The Humanist Society of Victoria (HSV) is a secular association whose members foster an ethical, rational and responsible approach to life. HSV supports human rights, democratic processes, and a just and inclusive governance. It seeks to alleviate suffering, to promote well-being and the social circumstances in which all persons can attain their full potential. It engages in charitable, educational activities.

The Committee has authorized the Secretary to present the following responses to questions relating to proposed amendments to the Australian Citizenship Act 2007.

 

  1. In what circumstances should a holder of Australian citizenship be regarded as having forfeited citizenship?

We regard citizenship as a civil right, not a privilege or licence. It is not to be breached without due judicial process, unless it is renounced voluntarily and explicitly.

Accordingly citizenship cannot be forfeited by default, tho it may be revoked on extremely serious criminal grounds by judicial process.

We observe that the government can enhance the perceived value of citizenship by encouraging the teaching of civics and citizenship, as set out in the national curriculum.

 

  1. Should the powers of revocation apply to citizens when the Minister has reasonable grounds to believe that the person is able to become a national of another country or territory under their laws and where it would not leave that person stateless?

No, that is too loose. The Strengthening Canadian Citizenship Act 2014 requires reasonable grounds for the minister to believe that the person already is a citizen of another country. Otherwise revocation would force the person to be stateless or to take out a new citizenship under duress. The minister’s reasonable grounds must be contestable in the judiciary.

We favour the Canadian approach, where the minister can revoke citizenship only on the basis of a prior conviction by a court, while charges of armed conflict with Canadian forces must be heard and decided by the Federal Court. We are concerned about concentrating executive power in one person (the government minister) without judicial oversight.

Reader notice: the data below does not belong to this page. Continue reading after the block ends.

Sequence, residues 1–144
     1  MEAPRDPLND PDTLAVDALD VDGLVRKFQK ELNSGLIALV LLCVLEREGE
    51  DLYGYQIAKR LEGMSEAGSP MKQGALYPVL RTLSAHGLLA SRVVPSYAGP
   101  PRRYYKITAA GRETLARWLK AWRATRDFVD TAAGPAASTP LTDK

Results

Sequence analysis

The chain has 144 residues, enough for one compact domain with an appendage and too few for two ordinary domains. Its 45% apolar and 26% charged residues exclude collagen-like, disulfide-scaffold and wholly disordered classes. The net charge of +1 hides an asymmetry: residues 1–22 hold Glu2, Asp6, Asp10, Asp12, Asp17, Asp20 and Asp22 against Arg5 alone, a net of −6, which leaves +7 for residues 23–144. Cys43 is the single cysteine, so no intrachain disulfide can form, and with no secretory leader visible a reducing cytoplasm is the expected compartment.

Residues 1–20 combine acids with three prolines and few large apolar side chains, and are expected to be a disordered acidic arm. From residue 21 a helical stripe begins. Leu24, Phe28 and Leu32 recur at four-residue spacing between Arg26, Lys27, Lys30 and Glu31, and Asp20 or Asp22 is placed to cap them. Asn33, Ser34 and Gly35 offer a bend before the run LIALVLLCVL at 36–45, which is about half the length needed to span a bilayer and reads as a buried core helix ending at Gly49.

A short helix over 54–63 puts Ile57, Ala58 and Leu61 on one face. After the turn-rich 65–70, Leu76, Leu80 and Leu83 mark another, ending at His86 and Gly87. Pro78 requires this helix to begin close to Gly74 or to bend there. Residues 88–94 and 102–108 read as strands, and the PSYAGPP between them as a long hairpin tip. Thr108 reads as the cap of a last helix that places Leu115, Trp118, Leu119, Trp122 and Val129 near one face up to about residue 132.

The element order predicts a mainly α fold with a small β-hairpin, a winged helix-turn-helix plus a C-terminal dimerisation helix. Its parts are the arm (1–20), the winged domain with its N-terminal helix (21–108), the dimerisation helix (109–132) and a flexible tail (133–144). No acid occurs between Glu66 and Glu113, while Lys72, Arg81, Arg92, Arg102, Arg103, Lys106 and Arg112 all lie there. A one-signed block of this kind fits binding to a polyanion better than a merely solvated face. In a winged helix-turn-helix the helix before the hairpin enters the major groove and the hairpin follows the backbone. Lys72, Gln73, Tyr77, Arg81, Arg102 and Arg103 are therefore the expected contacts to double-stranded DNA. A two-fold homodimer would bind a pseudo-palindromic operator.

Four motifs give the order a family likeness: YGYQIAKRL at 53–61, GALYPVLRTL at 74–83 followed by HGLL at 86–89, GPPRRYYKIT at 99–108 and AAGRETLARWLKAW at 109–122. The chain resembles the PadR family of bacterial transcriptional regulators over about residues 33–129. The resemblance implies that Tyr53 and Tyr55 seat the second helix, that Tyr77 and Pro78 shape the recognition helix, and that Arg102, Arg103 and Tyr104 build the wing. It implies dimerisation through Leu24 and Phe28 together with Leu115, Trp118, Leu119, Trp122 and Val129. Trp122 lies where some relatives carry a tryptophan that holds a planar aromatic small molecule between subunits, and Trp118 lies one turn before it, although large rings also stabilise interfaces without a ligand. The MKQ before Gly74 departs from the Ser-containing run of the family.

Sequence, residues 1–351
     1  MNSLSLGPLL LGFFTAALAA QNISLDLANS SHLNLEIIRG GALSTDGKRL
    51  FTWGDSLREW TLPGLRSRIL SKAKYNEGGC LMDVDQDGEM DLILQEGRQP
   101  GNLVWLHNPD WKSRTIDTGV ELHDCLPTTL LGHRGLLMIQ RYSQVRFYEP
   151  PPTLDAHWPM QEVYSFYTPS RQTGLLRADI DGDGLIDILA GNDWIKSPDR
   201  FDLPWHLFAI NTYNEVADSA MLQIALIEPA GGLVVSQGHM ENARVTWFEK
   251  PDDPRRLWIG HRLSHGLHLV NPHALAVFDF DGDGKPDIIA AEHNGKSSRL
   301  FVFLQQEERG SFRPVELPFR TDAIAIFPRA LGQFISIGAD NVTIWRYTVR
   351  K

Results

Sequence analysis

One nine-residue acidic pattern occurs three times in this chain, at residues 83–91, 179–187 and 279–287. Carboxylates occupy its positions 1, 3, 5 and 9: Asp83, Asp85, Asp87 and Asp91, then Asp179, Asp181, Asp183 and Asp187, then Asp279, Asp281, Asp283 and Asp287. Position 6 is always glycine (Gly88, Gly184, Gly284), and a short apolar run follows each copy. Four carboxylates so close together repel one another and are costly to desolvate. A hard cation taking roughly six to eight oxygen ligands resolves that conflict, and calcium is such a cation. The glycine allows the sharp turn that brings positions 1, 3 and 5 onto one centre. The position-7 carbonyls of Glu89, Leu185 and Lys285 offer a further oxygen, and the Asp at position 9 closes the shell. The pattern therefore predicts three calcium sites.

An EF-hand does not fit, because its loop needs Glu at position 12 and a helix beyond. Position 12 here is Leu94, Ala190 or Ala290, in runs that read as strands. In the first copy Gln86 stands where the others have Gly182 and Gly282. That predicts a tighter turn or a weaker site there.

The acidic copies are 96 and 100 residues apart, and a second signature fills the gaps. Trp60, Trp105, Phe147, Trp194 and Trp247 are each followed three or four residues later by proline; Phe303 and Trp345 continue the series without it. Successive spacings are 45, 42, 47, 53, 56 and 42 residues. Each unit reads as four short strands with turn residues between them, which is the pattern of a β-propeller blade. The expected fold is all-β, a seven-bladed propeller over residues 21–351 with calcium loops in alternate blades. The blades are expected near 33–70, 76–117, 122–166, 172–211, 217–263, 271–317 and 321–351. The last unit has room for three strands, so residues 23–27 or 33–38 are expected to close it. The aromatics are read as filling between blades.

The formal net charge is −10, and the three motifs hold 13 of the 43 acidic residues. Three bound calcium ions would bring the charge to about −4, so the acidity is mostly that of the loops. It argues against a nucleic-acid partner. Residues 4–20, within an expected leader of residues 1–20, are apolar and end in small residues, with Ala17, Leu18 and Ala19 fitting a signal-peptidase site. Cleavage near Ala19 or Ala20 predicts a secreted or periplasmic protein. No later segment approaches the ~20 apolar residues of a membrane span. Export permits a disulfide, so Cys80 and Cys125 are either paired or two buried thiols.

We note that United States citizens are protected by the Fourteenth Amendment from having their citizenship revoked by the government against their will.

We are concerned about unintended breaches of our international obligation not to render a person stateless. We caution that statelessness is a perilous position: the persecutions of Gypsies, Kurds, Rohingyas, Palestinians and Jews (before Israel was established) were possible because they were stateless people.

 

  1. Should certain privileges of citizenship – such as the right to vote in elections and receive consular assistance – be able to be suspended for Australian citizens engaged in terrorism? If so, which privileges would be reasonable to suspend and under what circumstances? 

Fear and terror being subjective states, they are insufficient to define offences, and allegations of terror have to be settled in the courts.

We accept the need to prevent deliberate acts of sabotage or terrorism in Australia.

If a terrorist act by someone in Australia is duly proved, the punishment should be proportionate to the damage done. It would be fair to suspend the perpetrator’s passport until the consequent custodial sentence is concluded, in order that justice may be served.

In a foreign country where government is weak there is likely to be terrorism from a variety of actors, affecting every section of the populace. If Australia goes beyond offering humanitarian aid, peace-keeping assistance and military training, and offers Australian combat forces to the government, there needs to be a clearly defined enemy. It would not be possible reliably to assign every act of terrorism to the enemy, and Australia would be foolish to assume the role of administering justice. It is therefore unreasonable to declare war on acts of terrorism outside Australia.

The Australian government’s legislative appeal to terrorism seems unnecessary anyway. People who render assistance to a proclaimed enemy of a proclaimed ally commit treachery under the Crimes Act 1914 (§24aa), and those who render material assistance to any organization in armed hostilities against the Australian Defence Force commit treason under the Criminal Code Act 1995 (§80.1aa). Both offences are punishable by life imprisonment and need no special terrorism law. If an Australian even enters an area declared under the Criminal Code Act 1995 (§119.2), they can be charged and sentenced to ten years gaol. Prosecution for these offences could proceed in Australia using evidence via video link. We observe that, if citizens fighting overseas had their passport or citizenship revoked, it would confirm the danger to Australian or allied forces there and not remove it.

We note our responsibilities under Resolution 2178 (2014) of the United Nations, not only to prevent our nationals from traveling abroad bent on terrorism, but also to implement appropriate prosecution, rehabilitation and reintegration strategies for returning foreign terrorist fighters.

 

Stephen Stuart, secretary

27 June 2015

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